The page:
Quick question but does anyone know where Air Berlin's Q400's are gonna go?


They are going to fly for Eurowings. The first one is already being painted. However....

There could be news next year along the lines of “passengers don’t like the Q400, it is unreliable (true) and noisy (not true) and they want to fly on a jet”.
Then, suddenly they dump them, and Zeitfracht (who everyone wondered, why a logistics company would be interested in an Airlines Technik department) convert them all in to parcel carriers to fly for Amazon in Europe. That is the scenario I heard, but you never know. There have been so many rumours that it is hard to know what will happen !
 
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LTU330
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Re: LH buys majority of Air Berlin

Fri Oct 27, 2017 7:13 am

PlaneInsomniac wrote:
It seems the saga is ending. LH will today buy the majority of AB assets, including 81 planes, and plans to hire 3000 staff:

https://www.welt.de/wirtschaft/article1 ... erlin.html

I know this was the very first post, but it is worth pointing out that actually LH might want to take on 3000 staff, but the reality is LH is not taking on the staff, rather anyone can apply for a job at Eurowings. This means that it is not true that 3000 AB staff automatically get jobs in the LH Group. You could be working for literally any company and apply for these positions. My guess is that a lot of people in AB will be better off on the benefits system (for around a year) than they would be working for Eurowings. Especially if you had an older contract. You would be looking at a pay cut of around 40% in some positions from what I have been told by colleagues who checked out the conditions. It is very easy in Germany for people to get a Doctors note for anything, depression as an example that prevents you from working. One of my colleagues had nearly two years off because of psychological problems. Do you work for a lot less money, or do you stay at home for about 25% less than you used to earn. For some it is a no brainer. Most AB crews are not applying at Eurowings, rather they wait to try to get a transfer of contract. I wish them luck, but I think that will fail.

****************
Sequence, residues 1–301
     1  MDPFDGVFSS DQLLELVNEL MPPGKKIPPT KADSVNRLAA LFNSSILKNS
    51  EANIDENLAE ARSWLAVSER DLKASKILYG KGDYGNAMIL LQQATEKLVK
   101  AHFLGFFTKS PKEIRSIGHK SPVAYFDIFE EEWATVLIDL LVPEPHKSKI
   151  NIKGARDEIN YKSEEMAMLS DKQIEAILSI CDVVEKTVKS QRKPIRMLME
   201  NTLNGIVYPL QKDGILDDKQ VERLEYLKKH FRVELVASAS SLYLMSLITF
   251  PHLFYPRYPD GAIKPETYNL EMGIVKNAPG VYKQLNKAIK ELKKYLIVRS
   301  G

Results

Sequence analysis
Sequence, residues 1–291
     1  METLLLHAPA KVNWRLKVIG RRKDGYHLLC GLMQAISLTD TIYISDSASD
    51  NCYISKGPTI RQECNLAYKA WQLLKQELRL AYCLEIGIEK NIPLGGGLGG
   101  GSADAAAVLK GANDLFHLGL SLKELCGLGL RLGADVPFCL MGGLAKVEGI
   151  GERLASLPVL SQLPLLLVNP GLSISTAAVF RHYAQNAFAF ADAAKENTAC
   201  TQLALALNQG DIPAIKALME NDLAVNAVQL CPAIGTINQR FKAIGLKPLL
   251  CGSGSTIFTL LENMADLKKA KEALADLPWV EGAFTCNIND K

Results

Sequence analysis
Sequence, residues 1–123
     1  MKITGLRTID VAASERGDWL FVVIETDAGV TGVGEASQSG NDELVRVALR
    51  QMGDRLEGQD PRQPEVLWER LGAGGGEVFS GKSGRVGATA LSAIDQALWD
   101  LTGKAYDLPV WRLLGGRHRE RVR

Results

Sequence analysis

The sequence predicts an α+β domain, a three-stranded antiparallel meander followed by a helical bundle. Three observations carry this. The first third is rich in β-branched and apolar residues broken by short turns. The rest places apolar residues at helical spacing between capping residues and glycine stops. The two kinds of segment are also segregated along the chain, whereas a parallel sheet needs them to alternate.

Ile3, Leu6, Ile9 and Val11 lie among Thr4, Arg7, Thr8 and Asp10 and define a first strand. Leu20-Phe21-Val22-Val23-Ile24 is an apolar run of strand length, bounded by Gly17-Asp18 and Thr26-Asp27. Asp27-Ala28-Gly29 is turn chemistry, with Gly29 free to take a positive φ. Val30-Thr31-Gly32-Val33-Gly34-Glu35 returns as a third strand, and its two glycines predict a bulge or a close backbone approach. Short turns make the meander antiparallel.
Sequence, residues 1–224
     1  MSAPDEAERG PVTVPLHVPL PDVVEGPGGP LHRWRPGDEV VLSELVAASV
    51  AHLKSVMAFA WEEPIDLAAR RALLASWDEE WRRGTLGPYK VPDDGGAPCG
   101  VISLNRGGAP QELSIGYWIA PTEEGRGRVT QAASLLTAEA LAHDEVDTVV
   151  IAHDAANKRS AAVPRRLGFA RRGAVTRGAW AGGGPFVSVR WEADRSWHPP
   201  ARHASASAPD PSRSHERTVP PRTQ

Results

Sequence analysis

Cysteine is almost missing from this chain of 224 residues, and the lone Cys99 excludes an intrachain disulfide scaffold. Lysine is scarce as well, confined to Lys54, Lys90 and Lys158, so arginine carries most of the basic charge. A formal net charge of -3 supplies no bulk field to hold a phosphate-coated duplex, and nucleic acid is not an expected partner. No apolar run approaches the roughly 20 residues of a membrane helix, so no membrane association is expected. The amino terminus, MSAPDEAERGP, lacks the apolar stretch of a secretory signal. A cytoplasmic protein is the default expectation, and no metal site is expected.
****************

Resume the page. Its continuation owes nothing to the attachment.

PanHAM
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Re: LH buys majority of Air Berlin

Fri Oct 27, 2017 8:08 am

Zetfracht converting the Q400s is an interesting Option. The hub could be Kassel Airport KSF which is near to an Amazon hub in Bad Hersfeld. That would give that place a badly needed boost (KSF)
Was Erlauben Erdogan!!!
 
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seahawk
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Re: LH buys majority of Air Berlin

Wed Nov 29, 2017 4:19 pm

And the EU has voiced their concern about the deal and is ready to block LH from buying Niki, which is fantastic for the customer.

Link in German: http://www.aero.de/news-28027/Pruefung- ... rt-an.html
 
bennett123
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Re: LH buys majority of Air Berlin

Wed Nov 29, 2017 5:07 pm

In that case, will someone else buy Niki
 
WIederling
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Re: LH buys majority of Air Berlin

Wed Nov 29, 2017 6:33 pm

PanHAM wrote:
"Bahncard 50" halves the rail fare and is an attractive way to save Money for frequent travellers. But really with the inadequate, time wasting Situation at some Airports securitya checks, rail is a better Option most of the times. Or, if you go regaularly, .make it one way rail and return by air and 2 weeks later use the return tickets.


re: frequent travellers

Django zahlt nicht. Django hat Monatskarte.

DB sells monthly or yearly passes. personalized or sharable. :: Bahncard 100.
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eamondzhang
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Re: LH buys majority of Air Berlin

Thu Nov 30, 2017 4:31 am

seahawk wrote:
Imho it should be a rule in Europe that no airline should own more than 33% of all slots at an airport. They should be forced to hand all other slots over to the competition if the slots are demanded by other airlines. Only if no other airlines wants the slots the airline already owning 33% should be given additional slots, but only as long as no other airline desires this slots.

Why not apply this concept to the US airports first and see how it wrecked the entire AA/UA/DL/WN operations? This is utter nonsense.

Michael
 
Airlinepilot129
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Re: LH buys Air Berlin

Thu Nov 30, 2017 7:43 am

TheFlyingDisk wrote:
Can they actually get antitrust approval to buy AB?


It's Lufthansa, and to a greater extent, Germany. Of course they can.
Still Working Hard, Still Flying Right.

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aerogt3
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Re: LH buys majority of Air Berlin

Thu Nov 30, 2017 1:10 pm

Revelation wrote:
IMHO slots are public assets that should remain property of the airports and should be leased on relatively short periods so new entrants have a chance to bid on them.